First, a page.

Informed or Just Opinionated?: Milken Students Weigh In On How Informed They Are


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There are many ways for students to stay informed beyond just reading the newspaper or watching TV news.

When the House Committee investigating the January 6 Insurrection at the Capitol met for its second public hearing, I had just finished up my math final and was driving to a friend’s house for the afternoon. I got into the car and switched the radio to 89.9 FM, KCRW. While I had never voluntarily listened to NPR before, I was told that these dramatic and interesting hearings were worth listening to. 45 minutes into the hearing, I arrived at my friend’s house, but I hesitated to get out of the car. I did not want to stop listening. Why did I, a non-voting 16-year-old who was almost finished with her junior year, want to listen to a hearing being conducted over 2,000 miles away, that used legal jargon that I didn’t understand and referenced people that I wasn’t familiar with?

Besides the soap-opera appeal of the hearings, I wanted to be informed. I decided that the headlines on the New York Times Instagram were not enough, and I needed to put more effort into seeking out information. Throughout the summer, I looked forward to the next public hearings, having them automatically downloaded on Apple Podcasts, and going on walks around my neighborhood just so that I could listen to them. As I listened to the January 6th hearings, I became more interested in what is going on in politics. I started listening to NPR Up First, a short podcast that explains three top stories every day. It brings in experts and international correspondents, and it is a concise way to hear the news every day. At the beginning of the school year, I decided to start listening to Up First every morning while I get ready for school. While this might seem like a lot for other students, it is only 15 minutes out of the entire day, and I have really appreciated feeling informed. I wondered what being informed really means. I also wanted to know if my daily routine is really that unusual for other people my age, specifically Milken students.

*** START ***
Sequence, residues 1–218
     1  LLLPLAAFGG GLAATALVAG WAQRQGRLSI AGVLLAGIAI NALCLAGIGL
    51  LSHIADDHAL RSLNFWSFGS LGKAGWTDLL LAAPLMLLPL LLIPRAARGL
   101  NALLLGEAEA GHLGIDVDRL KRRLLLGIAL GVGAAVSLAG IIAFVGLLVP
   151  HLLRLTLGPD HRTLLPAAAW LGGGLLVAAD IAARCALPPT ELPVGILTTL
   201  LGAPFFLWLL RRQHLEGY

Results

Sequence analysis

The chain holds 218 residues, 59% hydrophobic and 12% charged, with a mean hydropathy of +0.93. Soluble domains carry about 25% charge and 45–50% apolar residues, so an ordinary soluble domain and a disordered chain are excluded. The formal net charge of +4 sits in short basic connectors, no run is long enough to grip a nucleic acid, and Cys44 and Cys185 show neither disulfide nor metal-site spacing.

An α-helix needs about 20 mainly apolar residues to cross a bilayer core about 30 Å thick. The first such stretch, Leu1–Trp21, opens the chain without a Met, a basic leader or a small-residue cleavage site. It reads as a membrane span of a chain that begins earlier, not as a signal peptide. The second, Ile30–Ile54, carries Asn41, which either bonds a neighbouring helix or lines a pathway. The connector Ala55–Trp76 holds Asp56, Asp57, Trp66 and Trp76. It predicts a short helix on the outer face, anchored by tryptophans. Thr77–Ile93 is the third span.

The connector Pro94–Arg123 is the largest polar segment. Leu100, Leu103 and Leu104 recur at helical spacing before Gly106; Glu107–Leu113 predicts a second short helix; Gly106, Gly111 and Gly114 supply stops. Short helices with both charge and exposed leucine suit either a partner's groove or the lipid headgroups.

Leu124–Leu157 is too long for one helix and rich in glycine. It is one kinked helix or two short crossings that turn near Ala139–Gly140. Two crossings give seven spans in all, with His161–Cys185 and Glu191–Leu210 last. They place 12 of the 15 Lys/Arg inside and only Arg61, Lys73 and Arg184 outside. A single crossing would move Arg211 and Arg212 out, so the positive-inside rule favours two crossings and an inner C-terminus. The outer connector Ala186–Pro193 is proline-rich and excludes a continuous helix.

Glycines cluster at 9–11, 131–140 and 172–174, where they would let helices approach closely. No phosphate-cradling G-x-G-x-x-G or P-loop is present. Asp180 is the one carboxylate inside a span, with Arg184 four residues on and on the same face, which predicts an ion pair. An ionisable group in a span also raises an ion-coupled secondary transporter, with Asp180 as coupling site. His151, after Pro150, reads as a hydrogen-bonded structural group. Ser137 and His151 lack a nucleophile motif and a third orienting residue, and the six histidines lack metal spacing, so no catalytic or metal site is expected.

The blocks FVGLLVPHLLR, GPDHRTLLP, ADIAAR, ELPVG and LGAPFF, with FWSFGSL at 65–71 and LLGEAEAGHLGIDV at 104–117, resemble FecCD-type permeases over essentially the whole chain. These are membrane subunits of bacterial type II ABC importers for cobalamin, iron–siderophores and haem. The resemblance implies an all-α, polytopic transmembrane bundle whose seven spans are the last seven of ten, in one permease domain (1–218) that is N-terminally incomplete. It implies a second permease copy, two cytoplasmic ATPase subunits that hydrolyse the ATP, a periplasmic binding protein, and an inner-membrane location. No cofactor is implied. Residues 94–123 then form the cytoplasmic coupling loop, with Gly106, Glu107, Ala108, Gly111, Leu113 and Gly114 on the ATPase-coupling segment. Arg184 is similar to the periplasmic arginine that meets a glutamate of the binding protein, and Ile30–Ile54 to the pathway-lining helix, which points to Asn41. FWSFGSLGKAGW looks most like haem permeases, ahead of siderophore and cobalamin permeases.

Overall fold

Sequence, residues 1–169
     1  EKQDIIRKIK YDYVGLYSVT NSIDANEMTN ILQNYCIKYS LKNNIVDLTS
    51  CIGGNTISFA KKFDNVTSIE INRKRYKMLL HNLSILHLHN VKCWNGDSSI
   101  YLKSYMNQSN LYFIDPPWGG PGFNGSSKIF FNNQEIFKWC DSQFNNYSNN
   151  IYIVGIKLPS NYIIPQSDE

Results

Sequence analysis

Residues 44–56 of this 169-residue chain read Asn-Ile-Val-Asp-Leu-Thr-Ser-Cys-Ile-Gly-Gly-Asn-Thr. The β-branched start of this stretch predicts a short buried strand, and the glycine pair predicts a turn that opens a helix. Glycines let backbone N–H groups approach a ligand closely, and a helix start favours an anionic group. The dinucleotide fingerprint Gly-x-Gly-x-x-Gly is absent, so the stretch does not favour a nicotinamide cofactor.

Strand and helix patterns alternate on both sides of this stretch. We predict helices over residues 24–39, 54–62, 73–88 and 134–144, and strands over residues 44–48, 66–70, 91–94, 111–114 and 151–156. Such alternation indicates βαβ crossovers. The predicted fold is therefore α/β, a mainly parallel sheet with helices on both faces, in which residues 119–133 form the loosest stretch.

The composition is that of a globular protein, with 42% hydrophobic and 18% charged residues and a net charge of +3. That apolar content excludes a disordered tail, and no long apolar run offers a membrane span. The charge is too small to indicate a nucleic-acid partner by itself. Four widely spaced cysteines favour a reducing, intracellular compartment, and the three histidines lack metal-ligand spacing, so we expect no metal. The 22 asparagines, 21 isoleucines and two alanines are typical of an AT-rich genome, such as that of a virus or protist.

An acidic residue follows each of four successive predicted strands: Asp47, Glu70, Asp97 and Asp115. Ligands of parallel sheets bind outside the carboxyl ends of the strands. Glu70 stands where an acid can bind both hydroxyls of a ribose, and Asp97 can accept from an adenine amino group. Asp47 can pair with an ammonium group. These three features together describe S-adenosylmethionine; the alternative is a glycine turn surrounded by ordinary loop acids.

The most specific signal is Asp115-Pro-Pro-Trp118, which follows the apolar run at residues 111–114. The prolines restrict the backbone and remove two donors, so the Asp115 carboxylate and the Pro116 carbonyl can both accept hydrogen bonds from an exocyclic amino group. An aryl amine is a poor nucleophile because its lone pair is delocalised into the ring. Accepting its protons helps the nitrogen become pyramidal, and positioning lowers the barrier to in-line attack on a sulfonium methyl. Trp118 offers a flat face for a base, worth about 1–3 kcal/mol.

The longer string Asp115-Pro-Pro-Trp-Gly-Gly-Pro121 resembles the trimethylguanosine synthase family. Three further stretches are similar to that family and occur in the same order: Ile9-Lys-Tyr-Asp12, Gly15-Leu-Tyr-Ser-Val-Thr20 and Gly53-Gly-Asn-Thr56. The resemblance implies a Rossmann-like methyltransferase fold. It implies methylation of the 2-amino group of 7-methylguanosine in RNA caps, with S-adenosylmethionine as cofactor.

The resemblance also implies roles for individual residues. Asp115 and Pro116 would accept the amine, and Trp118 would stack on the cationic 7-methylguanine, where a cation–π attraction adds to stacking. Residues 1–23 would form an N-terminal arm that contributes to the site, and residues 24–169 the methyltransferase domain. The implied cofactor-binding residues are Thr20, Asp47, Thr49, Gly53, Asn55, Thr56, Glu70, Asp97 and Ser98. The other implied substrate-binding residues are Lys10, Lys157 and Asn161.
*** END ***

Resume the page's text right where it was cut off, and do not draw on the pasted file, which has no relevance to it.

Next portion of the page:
News-related podcasts like The Daily, Up First, and Pod Save America dominate the top charts on Apple Podcasts, which is a testament to how many people get their news in podcast form. (Miriam Herstein)

Milken students are known for voicing strong political opinions, whether it be on social media, in class, or in the hallways. According to an article from The Roar published in January 2021, 40.8% of 238 students and faculty polled identified as Democrats, and 39.5% identified as Republicans. Because of this almost even split between party affiliations, there is a wide range of beliefs and opinions on Milken’s campus. But where do those opinions come from? Some students cite social media as their main source of information, some use news websites, and some just express what they hear at the dinner table. Even though they may be opinionated, are Milken students informed? 

According to Oxford Learner’s Dictionary, being informed means, “Having or showing a lot of knowledge about a particular subject or situation.” While the definition of informed refers to many situations, many people see being informed as having to do with politics and news. However, the concept of being informed is completely subjective. It is hard to measure being informed, and it varies from person to person. 

For sophomore Yoni Becker ‘25, being informed means “knowing what’s going on in the world around you and how it directly affects your life.” Becker particularly gravitates toward stories relating to Ukraine, Midterm elections, and Biden’s new policies. He enjoys listening to the news via podcasts like Pod Save America to get his information. Podcasts are an appealing option for many because they are usually free and they can be listened to on the go. Beyond just politics and news, Becker also considers himself informed about sports. While many Milken students do not follow what is going on in the news, there are many who are knowledgeable about sports and pop culture. To some, this makes Milken students more informed.